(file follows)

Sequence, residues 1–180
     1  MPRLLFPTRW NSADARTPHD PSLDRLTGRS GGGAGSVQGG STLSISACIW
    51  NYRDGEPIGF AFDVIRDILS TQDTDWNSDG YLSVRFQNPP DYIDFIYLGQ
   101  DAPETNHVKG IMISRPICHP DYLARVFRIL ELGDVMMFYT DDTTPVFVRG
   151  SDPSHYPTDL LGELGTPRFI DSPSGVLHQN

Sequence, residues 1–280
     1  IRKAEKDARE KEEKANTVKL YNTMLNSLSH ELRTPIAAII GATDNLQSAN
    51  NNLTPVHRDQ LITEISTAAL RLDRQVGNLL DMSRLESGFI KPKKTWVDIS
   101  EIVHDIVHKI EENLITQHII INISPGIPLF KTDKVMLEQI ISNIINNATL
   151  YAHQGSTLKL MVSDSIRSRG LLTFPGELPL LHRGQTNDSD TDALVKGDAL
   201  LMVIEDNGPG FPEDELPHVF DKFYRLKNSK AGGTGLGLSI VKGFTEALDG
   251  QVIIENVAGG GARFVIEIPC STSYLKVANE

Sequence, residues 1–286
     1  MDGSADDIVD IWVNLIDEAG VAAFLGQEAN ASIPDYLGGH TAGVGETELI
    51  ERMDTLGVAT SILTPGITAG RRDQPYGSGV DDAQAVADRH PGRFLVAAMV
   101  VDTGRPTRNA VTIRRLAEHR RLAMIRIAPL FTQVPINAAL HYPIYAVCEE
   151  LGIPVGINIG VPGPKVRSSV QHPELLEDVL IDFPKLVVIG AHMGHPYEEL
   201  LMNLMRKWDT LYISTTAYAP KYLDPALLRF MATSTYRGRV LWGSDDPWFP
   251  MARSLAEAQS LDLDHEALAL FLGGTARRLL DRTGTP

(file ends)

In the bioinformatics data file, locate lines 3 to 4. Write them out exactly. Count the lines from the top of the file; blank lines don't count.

    51  NYRDGEPIGF AFDVIRDILS TQDTDWNSDG YLSVRFQNPP DYIDFIYLGQ
   101  DAPETNHVKG IMISRPICHP DYLARVFRIL ELGDVMMFYT DDTTPVFVRG